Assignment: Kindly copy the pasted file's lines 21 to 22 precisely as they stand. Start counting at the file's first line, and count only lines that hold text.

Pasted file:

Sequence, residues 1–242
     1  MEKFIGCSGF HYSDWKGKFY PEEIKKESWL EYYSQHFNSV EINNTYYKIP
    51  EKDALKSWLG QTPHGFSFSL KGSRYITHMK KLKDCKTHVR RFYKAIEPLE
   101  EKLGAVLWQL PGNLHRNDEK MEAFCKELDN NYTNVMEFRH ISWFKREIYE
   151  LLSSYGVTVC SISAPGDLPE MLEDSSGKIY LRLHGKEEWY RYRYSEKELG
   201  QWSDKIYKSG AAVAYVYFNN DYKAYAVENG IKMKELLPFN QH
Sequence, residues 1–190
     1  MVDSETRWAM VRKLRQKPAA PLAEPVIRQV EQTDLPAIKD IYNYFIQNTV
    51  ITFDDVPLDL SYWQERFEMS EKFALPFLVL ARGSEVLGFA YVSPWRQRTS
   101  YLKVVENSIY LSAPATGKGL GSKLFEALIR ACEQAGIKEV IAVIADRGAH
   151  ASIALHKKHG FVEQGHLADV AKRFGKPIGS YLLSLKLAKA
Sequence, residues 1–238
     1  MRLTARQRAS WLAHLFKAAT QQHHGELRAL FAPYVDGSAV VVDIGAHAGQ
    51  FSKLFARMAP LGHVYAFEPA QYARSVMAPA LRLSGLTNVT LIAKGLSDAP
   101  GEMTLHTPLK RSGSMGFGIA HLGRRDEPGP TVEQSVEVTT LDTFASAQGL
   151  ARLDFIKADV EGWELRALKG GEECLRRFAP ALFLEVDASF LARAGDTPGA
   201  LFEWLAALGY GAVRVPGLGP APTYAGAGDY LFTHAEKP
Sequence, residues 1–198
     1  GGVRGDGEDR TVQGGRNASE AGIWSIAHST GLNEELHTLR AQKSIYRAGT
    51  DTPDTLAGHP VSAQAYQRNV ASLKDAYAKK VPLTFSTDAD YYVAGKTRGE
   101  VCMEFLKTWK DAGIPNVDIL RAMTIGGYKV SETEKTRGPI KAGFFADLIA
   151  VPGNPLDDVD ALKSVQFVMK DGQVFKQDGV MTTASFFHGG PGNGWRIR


   101  VCMEFLKTWK DAGIPNVDIL RAMTIGGYKV SETEKTRGPI KAGFFADLIA
   151  VPGNPLDDVD ALKSVQFVMK DGQVFKQDGV MTTASFFHGG PGNGWRIR